I've been building my own story world with my friend which revolves around humans and different intelligent beings, and for one of the beings, I've come up with a planet and a solar system that is filled with mineral resources, and basically export of said resources is one of the ways they earn income.

For the planet itself, I've been thinking about a bit of a smaller planet than earth which is mountainous has less ocean coverage than the earth, and has many rivers and lakes which make agriculture possible. The planet is a bit closer to the sun making it be just a bit hotter than the earth, it has two moons one of them being 1.2x smaller than the moon and the other being not even half its size.

The planet is the second planet from the sun, the first planet is a little bigger than it, and the distance between the two is pretty big, this planet has a lot of iron/metallic minerals and has two moons which are just rocky moons

The third planet is a giant planet which is not too far from the inhabited planet, it's vulcanic and has geodes of minerals along with 8 moons with some of them being filled with oil

After that is a huge asteroid belt filled with precious minerals

After the asteroid belt, there are two other planets, the first one is a planet that's a bit bigger than earth and has an icy surface with some minerals. The next planet is a Neptune-like planet.

I wanna know would this work or am I asking too much with this many minerals?

Also, I'm pretty new to this so sorry if this is messy;-;

  • $\begingroup$ Please clarify your specific problem or provide additional details to highlight exactly what you need. As it's currently written, it's hard to tell exactly what you're asking. $\endgroup$
    – Community Bot
    Commented Sep 3, 2022 at 5:43

1 Answer 1


Basically no. I'm not an astronomer but some things stand out as basic physics or chemistry problems. In rough order of decreasing unworkability:

Getting oil onto a moon at all requires way more serendipity than your suspension of disbelief has room for, let alone being "filled" with it. Oil comes from dead biological matter subjected to time and pressure. You would need your moon to have had a lot of hydrocarbon-based life for a long, long time - hence atmosphere retention, liquid water, a nitrogen atmosphere with fairly abundant carbon dioxide, and relatively infrequent calamities. (If they're literally filled with oil, you need magic to get it there. No naturalistic explanation will be plausible.)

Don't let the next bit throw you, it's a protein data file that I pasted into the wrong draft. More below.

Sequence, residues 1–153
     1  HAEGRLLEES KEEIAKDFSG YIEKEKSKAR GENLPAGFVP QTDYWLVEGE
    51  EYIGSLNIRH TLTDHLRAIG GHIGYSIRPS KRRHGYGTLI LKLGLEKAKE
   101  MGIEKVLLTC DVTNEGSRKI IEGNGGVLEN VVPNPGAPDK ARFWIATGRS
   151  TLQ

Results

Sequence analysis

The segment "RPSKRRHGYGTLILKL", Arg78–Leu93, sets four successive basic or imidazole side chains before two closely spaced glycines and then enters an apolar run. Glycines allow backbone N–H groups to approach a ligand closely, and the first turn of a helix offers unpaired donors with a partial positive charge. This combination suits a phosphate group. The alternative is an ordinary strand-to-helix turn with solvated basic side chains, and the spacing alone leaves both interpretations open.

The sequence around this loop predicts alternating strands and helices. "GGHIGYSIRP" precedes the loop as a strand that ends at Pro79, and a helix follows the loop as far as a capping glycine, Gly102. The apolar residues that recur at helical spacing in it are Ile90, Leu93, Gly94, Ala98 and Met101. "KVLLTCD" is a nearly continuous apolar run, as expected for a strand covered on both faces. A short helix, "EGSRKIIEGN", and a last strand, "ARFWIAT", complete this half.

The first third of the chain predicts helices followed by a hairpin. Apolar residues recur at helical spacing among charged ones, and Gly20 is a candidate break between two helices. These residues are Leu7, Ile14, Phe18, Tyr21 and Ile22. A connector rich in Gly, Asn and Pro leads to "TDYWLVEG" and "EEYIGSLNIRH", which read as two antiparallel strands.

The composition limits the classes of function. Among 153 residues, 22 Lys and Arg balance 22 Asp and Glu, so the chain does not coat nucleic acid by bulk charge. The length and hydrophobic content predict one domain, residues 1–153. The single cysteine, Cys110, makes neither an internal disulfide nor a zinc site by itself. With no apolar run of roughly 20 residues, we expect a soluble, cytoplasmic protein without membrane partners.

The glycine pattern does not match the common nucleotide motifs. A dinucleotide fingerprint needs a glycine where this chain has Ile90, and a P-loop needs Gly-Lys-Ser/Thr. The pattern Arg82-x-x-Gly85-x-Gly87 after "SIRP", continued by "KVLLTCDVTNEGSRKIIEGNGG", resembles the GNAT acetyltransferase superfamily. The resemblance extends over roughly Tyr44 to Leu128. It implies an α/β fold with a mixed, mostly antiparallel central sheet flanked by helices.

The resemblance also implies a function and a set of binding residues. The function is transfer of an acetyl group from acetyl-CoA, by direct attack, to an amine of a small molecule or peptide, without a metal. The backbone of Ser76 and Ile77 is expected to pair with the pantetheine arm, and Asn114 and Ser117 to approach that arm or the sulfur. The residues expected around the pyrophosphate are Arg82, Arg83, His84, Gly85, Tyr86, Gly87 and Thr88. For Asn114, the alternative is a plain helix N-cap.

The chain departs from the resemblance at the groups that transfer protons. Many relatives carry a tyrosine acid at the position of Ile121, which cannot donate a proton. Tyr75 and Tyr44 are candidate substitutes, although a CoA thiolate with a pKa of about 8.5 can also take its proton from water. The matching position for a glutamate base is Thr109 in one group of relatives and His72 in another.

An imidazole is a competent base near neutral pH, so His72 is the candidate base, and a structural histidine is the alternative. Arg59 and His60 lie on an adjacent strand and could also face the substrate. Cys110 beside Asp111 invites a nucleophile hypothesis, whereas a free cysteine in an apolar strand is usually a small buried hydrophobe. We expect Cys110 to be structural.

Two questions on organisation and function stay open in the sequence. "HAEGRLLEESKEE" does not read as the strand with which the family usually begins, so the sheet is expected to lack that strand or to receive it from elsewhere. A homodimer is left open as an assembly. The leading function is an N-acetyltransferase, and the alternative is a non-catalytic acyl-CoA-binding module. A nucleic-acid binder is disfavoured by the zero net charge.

Gas giant on an orbit near that of a habitable planet is problematic. If they are on separate orbits, like the planets in our solar system, the gravitation of the nearby gas giant will introduce eccentricity in the orbit of the smaller habitable planet, and the habitable planet will not stay habitable for long. This can be fixed by putting the habitable planet on a small orbit of the L4 / L5 Lagrange point of the star-gas giant system, which might be kind of cool - but that might also result in getting pulverized by other space rocks accumulating at the Lagrange point.

Two large, nearby moons will do really unpleasant things to a habitable planet in the form of violent earthquakes and frequent extreme tidal waves. If you make the moons smaller, make them more distant, or get rid of one of them, the problem goes away.

Your outer planets seem fine to me.

You might like to get inspiration from a video game with realistic astrophysics modeling. Universe Sandbox will let you set up What-If's and let them play out. Elite: Dangerous uses a well-grounded model to seed the galaxy with mostly-realistic star systems, and after climbing the learning curve you can visit countless procedurally generated, physically plausible star systems (although the actual gameplay is pretty unrealistic).

  • $\begingroup$ Titan has naturally occurring hydrocarbons, but has not (as far as we know) ever hosted any life. $\endgroup$ Commented Nov 30, 2022 at 13:45
  • 1
    $\begingroup$ @Jobah_HigherMind Methane and ethane are not oil, though, and AFAIK there is no nonbiological process known which is suspected to turn them into it. My mention of hydrocarbon-based life was not to imply that life is necessary for hydrocarbons, but that the kind of life that is needed is hydrocarbon-based, which has certain implications for the rest of the environment. $\endgroup$
    – g s
    Commented Nov 30, 2022 at 16:30

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